If the definition of a B-Western series is that of a number of films made by the same production company or studio starring the same actor, then this film qualifies as the last of the ... See full summary »
If the definition of a B-Western series is that of a number of films made by the same production company or studio starring the same actor, then this film qualifies as the last of the B-western series films made for theatre distribution, although there were many cheap-jack B-westerns made after "Two Guns and Badge".(Check out Johnny Carpenter, Sam Katzman and the TV listings from 1954 to the present.) This was also the last theatre-released film directed by the prolific Lewis D. Collins, whose early 25-year career was primarily Poverty Row non-westerns in the 30's, a series of Jack Holt action-adventure films for producer Larry Darmour and Columbia (a high water mark relative speaking), and westerns, serials and some musical shorts in the 40s, and nearly all westerns in the 50s. His long-time friend, actor Lyle Talbot, said that Lew Collins was the only man in Hollywood that had less use for horses than he (Talbot) did, so... "naturally we both ended up doing nothing but B-westerns, ... Written by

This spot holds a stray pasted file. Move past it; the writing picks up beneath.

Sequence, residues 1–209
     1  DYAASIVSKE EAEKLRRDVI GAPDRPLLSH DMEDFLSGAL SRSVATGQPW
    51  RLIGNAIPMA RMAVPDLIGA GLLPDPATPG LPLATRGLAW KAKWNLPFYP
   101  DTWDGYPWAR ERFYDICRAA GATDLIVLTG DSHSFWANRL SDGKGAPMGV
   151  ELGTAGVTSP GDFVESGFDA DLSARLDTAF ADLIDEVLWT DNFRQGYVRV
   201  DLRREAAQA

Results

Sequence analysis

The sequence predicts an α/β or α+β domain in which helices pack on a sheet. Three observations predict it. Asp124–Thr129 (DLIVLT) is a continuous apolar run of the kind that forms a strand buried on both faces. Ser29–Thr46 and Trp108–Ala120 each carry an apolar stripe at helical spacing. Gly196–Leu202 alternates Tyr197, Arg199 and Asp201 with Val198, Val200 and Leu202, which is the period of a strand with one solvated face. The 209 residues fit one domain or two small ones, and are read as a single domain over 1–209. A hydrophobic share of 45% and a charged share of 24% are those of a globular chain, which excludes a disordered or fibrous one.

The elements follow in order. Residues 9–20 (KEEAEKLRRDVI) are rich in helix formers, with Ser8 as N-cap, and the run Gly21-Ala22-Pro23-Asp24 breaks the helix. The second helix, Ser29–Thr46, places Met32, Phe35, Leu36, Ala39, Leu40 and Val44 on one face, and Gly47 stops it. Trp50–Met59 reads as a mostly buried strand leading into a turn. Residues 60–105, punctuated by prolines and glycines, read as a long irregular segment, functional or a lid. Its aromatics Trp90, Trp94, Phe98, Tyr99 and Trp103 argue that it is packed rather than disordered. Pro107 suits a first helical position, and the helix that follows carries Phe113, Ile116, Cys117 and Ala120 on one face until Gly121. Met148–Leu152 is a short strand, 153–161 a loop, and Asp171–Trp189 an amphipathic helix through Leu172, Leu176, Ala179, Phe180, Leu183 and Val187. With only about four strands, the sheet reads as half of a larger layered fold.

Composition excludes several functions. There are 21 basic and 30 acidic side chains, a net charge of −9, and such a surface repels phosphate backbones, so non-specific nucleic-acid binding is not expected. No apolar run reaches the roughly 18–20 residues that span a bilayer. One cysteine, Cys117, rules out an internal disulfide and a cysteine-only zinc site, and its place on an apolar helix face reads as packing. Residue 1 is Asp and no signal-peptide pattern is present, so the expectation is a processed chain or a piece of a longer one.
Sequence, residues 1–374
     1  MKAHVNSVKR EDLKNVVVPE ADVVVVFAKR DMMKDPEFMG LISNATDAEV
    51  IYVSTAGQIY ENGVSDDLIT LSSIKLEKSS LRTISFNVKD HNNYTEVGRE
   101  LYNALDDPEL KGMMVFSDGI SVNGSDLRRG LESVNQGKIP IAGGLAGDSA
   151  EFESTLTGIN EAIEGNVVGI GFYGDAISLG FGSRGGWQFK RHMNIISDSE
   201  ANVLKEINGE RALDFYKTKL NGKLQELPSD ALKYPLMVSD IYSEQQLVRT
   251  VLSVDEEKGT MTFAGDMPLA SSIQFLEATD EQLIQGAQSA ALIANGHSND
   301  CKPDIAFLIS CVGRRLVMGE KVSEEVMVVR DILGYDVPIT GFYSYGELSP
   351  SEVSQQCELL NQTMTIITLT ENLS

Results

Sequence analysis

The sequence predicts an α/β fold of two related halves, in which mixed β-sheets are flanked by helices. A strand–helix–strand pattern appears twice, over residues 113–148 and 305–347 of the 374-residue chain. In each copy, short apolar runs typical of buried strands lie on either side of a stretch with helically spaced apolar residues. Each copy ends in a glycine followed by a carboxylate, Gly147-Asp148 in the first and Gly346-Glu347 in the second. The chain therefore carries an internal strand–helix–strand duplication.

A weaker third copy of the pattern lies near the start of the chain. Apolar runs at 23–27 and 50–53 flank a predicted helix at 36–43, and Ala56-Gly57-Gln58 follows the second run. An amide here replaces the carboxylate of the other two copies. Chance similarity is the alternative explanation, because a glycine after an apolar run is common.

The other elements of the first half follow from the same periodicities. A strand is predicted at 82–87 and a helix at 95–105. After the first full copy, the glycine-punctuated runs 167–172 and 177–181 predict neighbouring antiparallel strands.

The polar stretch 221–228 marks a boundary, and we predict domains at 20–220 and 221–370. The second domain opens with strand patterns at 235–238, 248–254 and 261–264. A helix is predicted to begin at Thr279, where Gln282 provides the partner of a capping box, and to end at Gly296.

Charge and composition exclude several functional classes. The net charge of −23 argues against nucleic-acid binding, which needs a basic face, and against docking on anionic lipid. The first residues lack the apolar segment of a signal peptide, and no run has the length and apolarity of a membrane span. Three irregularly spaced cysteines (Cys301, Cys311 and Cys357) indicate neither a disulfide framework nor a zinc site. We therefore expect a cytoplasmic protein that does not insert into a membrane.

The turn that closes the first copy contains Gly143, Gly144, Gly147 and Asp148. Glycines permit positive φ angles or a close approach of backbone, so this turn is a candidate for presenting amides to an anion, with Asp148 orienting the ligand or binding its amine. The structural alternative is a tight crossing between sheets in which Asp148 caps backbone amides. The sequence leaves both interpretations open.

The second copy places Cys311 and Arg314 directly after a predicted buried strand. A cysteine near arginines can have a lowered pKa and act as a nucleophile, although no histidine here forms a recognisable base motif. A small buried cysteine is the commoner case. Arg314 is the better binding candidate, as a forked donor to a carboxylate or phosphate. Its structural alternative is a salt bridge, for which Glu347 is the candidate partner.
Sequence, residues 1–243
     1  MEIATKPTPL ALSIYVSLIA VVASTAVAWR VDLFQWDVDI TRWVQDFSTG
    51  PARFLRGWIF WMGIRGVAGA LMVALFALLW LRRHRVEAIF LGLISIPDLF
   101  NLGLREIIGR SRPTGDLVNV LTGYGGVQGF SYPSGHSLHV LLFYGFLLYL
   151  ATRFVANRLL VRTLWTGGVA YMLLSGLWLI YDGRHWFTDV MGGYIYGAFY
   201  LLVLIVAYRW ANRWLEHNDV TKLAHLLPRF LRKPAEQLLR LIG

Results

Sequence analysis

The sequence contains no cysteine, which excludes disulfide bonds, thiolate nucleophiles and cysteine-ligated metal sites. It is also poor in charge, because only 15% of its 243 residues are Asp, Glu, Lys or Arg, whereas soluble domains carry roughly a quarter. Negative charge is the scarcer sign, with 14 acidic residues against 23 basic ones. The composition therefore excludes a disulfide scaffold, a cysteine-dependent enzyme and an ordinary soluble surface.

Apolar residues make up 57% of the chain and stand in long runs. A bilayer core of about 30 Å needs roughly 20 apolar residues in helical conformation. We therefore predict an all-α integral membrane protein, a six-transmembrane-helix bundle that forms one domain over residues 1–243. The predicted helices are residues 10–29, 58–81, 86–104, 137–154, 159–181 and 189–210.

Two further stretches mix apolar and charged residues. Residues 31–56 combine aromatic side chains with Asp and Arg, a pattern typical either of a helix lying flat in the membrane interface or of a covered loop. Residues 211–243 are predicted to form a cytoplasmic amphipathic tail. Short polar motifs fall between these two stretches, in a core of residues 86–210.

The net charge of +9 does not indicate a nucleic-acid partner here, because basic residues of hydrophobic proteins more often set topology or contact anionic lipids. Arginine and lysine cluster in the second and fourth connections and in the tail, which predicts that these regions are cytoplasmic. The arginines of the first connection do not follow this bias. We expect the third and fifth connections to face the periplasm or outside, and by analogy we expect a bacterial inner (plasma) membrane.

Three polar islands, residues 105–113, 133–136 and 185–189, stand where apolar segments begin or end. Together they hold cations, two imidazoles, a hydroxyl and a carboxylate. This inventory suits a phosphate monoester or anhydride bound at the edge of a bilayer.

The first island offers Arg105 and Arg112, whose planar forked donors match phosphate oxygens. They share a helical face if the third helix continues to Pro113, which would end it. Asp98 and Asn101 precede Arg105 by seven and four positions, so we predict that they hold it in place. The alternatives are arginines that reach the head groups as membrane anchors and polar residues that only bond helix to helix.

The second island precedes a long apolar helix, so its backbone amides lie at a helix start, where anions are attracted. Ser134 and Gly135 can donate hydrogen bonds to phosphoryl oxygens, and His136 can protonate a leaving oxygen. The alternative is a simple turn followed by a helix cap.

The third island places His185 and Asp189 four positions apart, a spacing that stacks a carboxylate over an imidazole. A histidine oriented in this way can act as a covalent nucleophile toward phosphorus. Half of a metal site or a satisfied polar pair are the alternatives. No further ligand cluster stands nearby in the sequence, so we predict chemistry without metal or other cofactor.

Les Adams <email@example.com>
Wayne Morris stars in this interesting B-western from 1954. Morris was a charismatic actor and WWII hero, whose career was limited mostly to B-movies. In this film, he is an outlaw mistaken for a hired gunman, who cleans up a nest of bad-guys and saves the day. He eventually becomes a different kind of man due to his duty and the love of a good woman.
Western veteran Roy Barcroft also appear in this well-paced oater. Morris was a fine actor and worked well in western settings. Fans of the genre should enjoy this one, which was arguably the last of the B-Western flicks. Happy Trails !!
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